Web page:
Historical feelings run deep between the three largest parties. All have their origins within the early Sinn Féin movement that fought for the nation’s independence from Britain in 1922. As Sinn Féin subsequently divided during the civil war and other events in the 1920s, first Fine Gael (originally named Cumann na nGaedheal) and soon after Fianna Fáil emerged from the turmoil. Between them the two parties have governed Éire ever since.
The remaining Sinn Féin itself was long regarded as being beyond the limits of political respectability due to links with the IRA, before largely dissolving in the 1970s and then reforming itself in the 1990s as a modern political party in both Éire and Northern Ireland. The party’s voter support rose from 10% to 14% at the recent election, but the other parties are still reluctant to deal with it.
If the major party coalition does form in the days ahead, Sinn Féin will be entitled to become the formal Opposition, from which position it may be able to further increase its respectability and its public support.
Labor has already indicated that it will seek to bring the minor left-of centre parties together as a separate opposition unit.
Éire’s people, still recovering economically from the recent major recession, are clearly restless with their political parties. The proposed power-sharing option is likely to substantially transform the nature of the nation’s party system.
The experience of Irish Labour, the UK Lib Dems and the Australian Democrats suggests that, contrary to previously accepted opinion, their supporters don’t want them to actually get their hands on the levers of power, but instead want them to be respectable protest parties (or “Keep the Bastards Honest” parties). They should stay out of formal coalitions and cabinets and at most enter supply-and-confidence agreements. The fear that the public would punish them for failing to provide “stable government” (why is that their role anyway?) seems overstated. It would seem their supporters would rather they preserve their role as honest brokers.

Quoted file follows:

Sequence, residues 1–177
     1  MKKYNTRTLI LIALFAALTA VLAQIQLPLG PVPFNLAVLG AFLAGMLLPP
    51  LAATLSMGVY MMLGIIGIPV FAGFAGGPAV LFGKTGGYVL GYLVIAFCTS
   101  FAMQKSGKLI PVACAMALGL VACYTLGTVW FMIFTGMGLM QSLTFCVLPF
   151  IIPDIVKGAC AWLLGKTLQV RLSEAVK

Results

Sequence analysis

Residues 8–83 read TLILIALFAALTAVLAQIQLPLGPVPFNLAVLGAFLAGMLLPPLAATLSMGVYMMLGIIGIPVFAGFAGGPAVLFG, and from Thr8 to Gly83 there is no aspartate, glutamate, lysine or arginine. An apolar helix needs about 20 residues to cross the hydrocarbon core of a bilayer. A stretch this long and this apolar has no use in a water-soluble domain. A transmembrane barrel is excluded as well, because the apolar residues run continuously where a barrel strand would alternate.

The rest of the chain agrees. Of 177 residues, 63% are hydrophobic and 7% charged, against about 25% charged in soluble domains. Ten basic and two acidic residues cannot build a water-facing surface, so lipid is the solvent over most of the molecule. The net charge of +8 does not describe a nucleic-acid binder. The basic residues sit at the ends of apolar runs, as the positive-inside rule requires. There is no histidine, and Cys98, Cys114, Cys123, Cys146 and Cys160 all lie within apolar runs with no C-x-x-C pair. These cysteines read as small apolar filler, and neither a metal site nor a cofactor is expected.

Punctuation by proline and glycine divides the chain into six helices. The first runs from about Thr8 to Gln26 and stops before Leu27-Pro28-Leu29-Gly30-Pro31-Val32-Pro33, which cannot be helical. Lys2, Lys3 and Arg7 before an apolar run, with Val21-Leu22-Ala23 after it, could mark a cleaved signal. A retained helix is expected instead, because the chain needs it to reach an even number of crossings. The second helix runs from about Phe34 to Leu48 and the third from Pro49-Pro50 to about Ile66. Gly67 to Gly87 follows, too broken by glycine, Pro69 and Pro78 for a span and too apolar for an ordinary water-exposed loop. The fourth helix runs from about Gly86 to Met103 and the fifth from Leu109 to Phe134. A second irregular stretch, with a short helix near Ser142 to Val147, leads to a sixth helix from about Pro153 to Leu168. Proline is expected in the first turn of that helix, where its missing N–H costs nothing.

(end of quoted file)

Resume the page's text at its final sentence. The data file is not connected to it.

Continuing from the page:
I can see the desire of the individual politicians from these parties to get into the Cabinet rooms (“The Room Where It Happens” to quote from Hamilton on Broadway), but the party supporters would rather they exercise their power from the cross bench.
Indeed. I agree that many smaller political parties and independents are sent in by their voters not to join in a government, but to keep a critical eye on all governments that might form.
Perhaps the problem here is that the Dáil is expected to ‘vote in’ a government with a majority. In this situation they do not seem to have a neat facility for accepting that a minority government might hold office, which is odd since Ireland has certainly had coalition-formed governments in the past. The Westminster tradition, as applied in the UK, Canada, Australia and other places, has more flexibility due to the idea that ‘confidence’ means the absence of a majority of the house willing to vote a government out, rather than a majority insisting that they stay in.
The pressure on the two main parties to govern together seems to be coming from voices – such as the business community – that argue that the nation has a particular need to take tough fiscal decisions to rebuild from an economic crisis.